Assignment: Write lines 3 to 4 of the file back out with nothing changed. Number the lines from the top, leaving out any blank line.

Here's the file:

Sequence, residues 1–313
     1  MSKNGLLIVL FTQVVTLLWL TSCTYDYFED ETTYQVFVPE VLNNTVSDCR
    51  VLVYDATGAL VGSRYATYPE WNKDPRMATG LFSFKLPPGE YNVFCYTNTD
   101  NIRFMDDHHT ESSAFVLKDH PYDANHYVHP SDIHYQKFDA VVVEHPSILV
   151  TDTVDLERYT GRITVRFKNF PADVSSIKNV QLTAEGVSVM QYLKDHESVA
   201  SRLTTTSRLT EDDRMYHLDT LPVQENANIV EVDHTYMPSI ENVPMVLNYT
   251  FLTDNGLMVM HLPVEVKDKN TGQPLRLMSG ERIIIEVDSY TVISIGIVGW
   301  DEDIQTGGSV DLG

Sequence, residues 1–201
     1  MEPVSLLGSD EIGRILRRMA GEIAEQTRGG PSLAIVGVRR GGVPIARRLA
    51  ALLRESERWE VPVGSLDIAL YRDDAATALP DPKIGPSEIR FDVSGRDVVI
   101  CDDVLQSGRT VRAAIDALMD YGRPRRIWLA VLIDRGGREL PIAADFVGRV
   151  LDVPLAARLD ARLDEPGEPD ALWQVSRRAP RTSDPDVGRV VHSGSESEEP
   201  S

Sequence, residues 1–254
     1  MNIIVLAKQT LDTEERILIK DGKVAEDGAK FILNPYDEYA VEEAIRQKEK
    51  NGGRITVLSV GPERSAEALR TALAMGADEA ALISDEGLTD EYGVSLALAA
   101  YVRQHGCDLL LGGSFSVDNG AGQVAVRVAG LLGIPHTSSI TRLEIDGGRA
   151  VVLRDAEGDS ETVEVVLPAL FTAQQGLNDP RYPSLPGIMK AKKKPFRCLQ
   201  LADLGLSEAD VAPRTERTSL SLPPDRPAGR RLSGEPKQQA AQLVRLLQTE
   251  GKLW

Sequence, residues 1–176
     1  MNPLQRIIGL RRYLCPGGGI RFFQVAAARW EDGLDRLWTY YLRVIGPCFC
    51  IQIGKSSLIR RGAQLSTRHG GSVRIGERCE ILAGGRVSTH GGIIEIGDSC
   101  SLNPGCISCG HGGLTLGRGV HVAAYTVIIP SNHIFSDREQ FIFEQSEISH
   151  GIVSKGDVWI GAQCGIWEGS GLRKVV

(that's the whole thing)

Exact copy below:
    51  VLVYDATGAL VGSRYATYPE WNKDPRMATG LFSFKLPPGE YNVFCYTNTD
   101  NIRFMDDHHT ESSAFVLKDH PYDANHYVHP SDIHYQKFDA VVVEHPSILV